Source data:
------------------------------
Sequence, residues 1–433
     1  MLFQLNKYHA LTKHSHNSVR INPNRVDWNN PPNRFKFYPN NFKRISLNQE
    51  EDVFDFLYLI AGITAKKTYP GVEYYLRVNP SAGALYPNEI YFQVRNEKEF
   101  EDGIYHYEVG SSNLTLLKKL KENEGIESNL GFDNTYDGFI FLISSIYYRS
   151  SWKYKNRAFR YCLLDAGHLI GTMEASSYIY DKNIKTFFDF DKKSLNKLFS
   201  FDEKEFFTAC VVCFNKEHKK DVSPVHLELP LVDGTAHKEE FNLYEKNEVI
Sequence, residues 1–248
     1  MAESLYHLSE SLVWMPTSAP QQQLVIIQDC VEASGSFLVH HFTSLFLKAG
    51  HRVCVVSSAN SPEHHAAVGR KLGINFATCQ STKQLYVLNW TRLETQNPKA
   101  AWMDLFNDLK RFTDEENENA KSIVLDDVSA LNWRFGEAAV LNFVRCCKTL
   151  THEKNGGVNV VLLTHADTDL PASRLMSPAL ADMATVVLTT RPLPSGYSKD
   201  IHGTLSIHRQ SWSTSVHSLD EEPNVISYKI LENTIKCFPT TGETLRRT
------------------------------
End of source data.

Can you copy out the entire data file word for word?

Sequence, residues 1–433
     1  MLFQLNKYHA LTKHSHNSVR INPNRVDWNN PPNRFKFYPN NFKRISLNQE
    51  EDVFDFLYLI AGITAKKTYP GVEYYLRVNP SAGALYPNEI YFQVRNEKEF
   101  EDGIYHYEVG SSNLTLLKKL KENEGIESNL GFDNTYDGFI FLISSIYYRS
   151  SWKYKNRAFR YCLLDAGHLI GTMEASSYIY DKNIKTFFDF DKKSLNKLFS
   201  FDEKEFFTAC VVCFNKEHKK DVSPVHLELP LVDGTAHKEE FNLYEKNEVI
Sequence, residues 1–248
     1  MAESLYHLSE SLVWMPTSAP QQQLVIIQDC VEASGSFLVH HFTSLFLKAG
    51  HRVCVVSSAN SPEHHAAVGR KLGINFATCQ STKQLYVLNW TRLETQNPKA
   101  AWMDLFNDLK RFTDEENENA KSIVLDDVSA LNWRFGEAAV LNFVRCCKTL
   151  THEKNGGVNV VLLTHADTDL PASRLMSPAL ADMATVVLTT RPLPSGYSKD
   201  IHGTLSIHRQ SWSTSVHSLD EEPNVISYKI LENTIKCFPT TGETLRRT